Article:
A spokeswoman for Baylor declined to comment, saying the school hadn’t seen the suit. Lori Fogleman directed The Post to a 2019 statement from the school’s president noting that its code of conduct — typical of the schools referenced in the suit — bars sexual relations between people outside heterosexual marriage. The statement also said that the school is “in compliance” with the law and that students aren’t disciplined or expelled for “same-sex attraction.” It says the school’s counselors “do not practice or condone conversion or reparative therapy.” Baylor’s LGBTQ group is not allowed official status.

“With this said, we understand that we must do more to demonstrate love and support for our students who identify as LGBTQ,” President Linda A. Livingstone wrote.

A spokesman for Bob Jones said the school hadn’t seen the lawsuit and therefore wouldn’t comment on it. However, President Steve Pettit earlier this month wrote that the Equality Act “would enforce a single government-sanctioned ideology and punish those who do not conform.” Spokesman Randy Page wrote to The Post that the school “believes that all persons have inherent dignity and should thus be treated with kindness and respect. In addition, the Supreme Court has twice stated that government must respect the belief that marriage is between one man and one woman.”

A request for comment from Liberty wasn’t immediately returned.

The suit injects dozens of personal experiences into a debate about religious liberty and ­LGBTQ rights that’s often been more legalistic. It seeks to put individual faces and names on an aspect of Equality Act debate that doesn’t get much attention — students at conservative Christian schools.

It cites a gay ICU nurse who said he was admitted to a graduate nursing program, sold his car, left his old job and was days away from starting school when he was allegedly told his admission was rescinded because he is engaged to a man. “A grown man with a successful career, loving family and fiancé, [he] went into his closet, curled up in a ball and cried,” the suit says. It cites a queer student who recalls being regularly called slurs on a Christian school’s campus and is afraid to walk at night alone. According to the suit, that person is often subject to disciplinary action for wearing feminine-style clothing. Another said he was fired as a resident assistant and then kicked out of school for being openly bisexual.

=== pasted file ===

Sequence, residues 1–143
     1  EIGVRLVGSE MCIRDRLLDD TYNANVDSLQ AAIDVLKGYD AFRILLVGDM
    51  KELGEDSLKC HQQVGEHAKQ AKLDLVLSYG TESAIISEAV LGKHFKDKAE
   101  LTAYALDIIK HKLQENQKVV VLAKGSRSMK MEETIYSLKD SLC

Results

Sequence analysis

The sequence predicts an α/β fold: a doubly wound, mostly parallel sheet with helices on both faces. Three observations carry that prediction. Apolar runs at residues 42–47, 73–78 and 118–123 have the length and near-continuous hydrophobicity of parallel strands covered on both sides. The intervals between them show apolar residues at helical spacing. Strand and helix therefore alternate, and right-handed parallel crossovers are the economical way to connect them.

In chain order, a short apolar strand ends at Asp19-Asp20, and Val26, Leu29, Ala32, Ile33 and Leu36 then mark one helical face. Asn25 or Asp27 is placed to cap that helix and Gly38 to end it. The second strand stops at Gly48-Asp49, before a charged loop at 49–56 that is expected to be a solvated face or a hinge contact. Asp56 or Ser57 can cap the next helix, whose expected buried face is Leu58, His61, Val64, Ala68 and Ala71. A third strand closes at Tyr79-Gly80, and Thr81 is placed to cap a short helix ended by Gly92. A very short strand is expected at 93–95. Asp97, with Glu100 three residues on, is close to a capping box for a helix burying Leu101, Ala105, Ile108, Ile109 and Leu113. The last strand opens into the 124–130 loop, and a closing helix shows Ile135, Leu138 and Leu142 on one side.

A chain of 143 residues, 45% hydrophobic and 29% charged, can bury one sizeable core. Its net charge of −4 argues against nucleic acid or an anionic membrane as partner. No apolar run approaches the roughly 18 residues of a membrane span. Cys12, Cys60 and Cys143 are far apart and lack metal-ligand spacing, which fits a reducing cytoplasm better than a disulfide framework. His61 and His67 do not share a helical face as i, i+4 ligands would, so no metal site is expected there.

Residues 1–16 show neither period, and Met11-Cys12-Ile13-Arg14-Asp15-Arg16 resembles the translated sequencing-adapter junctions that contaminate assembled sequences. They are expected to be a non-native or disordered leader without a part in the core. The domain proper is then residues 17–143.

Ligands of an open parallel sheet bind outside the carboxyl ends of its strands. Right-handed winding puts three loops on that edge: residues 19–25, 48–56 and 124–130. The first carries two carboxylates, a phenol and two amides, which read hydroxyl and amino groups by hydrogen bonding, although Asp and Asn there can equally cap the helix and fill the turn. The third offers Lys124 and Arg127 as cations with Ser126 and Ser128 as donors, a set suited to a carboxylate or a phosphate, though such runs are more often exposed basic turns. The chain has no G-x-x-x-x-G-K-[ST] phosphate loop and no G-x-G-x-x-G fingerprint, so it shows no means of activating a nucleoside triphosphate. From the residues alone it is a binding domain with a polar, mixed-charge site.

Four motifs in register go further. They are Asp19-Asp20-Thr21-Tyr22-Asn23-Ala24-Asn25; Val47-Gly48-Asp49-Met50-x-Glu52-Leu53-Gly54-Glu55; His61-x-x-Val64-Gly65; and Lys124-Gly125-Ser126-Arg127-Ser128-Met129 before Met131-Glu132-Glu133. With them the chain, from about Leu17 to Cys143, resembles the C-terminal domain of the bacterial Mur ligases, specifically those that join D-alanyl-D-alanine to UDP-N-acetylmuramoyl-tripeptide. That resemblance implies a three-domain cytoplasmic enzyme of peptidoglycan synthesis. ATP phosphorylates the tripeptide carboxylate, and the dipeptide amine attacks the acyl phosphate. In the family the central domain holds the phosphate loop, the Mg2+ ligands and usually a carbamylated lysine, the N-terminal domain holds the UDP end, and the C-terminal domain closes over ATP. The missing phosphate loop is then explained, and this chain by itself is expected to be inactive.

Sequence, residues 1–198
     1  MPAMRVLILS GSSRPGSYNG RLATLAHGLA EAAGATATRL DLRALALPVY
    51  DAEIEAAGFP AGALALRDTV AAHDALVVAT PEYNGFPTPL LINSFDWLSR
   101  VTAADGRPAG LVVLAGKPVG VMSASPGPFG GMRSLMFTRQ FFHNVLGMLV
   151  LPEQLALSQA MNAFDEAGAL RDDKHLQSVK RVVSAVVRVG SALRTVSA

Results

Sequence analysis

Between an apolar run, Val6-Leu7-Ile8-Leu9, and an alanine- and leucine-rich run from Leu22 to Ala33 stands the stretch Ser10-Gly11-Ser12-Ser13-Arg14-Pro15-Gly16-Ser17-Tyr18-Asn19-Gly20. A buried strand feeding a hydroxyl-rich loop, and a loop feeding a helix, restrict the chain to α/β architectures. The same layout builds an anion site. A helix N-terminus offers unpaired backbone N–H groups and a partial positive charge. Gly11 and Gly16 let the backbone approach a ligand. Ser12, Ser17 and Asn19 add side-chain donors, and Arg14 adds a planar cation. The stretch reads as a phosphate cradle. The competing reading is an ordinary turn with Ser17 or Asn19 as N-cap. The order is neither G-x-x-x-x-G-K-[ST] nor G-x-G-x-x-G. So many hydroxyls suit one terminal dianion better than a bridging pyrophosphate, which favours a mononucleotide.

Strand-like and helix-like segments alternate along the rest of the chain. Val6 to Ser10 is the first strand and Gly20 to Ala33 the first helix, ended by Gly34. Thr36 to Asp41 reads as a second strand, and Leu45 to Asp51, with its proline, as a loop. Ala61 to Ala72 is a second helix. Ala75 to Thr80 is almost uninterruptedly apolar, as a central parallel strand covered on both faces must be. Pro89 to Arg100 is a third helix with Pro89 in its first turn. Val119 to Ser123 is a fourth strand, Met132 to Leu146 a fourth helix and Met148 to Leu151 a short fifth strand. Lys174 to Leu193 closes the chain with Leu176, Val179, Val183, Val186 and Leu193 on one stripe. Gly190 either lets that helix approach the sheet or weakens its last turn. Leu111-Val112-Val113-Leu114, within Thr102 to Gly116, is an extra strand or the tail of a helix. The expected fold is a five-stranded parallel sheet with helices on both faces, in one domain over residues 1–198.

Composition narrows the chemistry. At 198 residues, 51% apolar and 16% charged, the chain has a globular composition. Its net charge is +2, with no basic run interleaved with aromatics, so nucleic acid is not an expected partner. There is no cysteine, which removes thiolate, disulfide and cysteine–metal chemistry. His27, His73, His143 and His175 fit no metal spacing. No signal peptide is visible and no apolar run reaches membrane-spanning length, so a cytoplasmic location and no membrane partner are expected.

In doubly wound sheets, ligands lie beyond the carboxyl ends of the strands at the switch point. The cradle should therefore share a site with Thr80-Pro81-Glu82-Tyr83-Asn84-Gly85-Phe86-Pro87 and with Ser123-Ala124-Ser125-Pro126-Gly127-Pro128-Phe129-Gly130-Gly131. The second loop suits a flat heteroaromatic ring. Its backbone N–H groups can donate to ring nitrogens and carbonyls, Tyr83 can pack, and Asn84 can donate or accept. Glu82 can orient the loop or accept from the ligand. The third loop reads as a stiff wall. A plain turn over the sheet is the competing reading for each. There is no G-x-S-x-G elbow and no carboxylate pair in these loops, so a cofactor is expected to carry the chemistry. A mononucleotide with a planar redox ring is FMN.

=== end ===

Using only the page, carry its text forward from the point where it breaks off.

The suit argues that the exemptions violate the Constitution’s equal protection clauses by singling out LGBTQ students as a “socially despised group for legal disfavor.” It also argues the exemptions violate the Establishment Clause — the part of the First Amendment barring the government from favoring religion, or a religion — because the Education Department asks schools that want an exemption questions about their religious practices and affiliations. This is, the suit says, unconstitutional government meddling and judging about religion.

According to the Religious Exemptions project, there are approximately 600 four-year, degree-granting nonprofit Christian colleges in the United States, one-third of which have policies against LGBTQ students in their student code of conduct policies.

The project, using a U.S. Treasury Department website that calculates federal aid says the approximately 200 religious schools with discriminatory policies receive $4.2 billion. The site, called Data Lab, said as of 2018, the last year for which data is available, Baylor received $142 million and Liberty $723 million.

Hunter, who graduated from Bob Jones in 2019 and is now a news producer in South Carolina, said she was careful never to publicly say she thought she might be a lesbian and felt she was only trying to subtly raise questions with her tweets. A sexual assault survivor who grew up in foster care and then was adopted by a fundamentalist family, she said that before her punishments, on campus, “I was considered a really nice person.”

“I wasn’t advocating gay people should have rights. I knew biblically the school would disagree. I wanted to affirm GLBT rights without opposing biblical values. All I was saying online is: ‘I’m trying to live.’ ”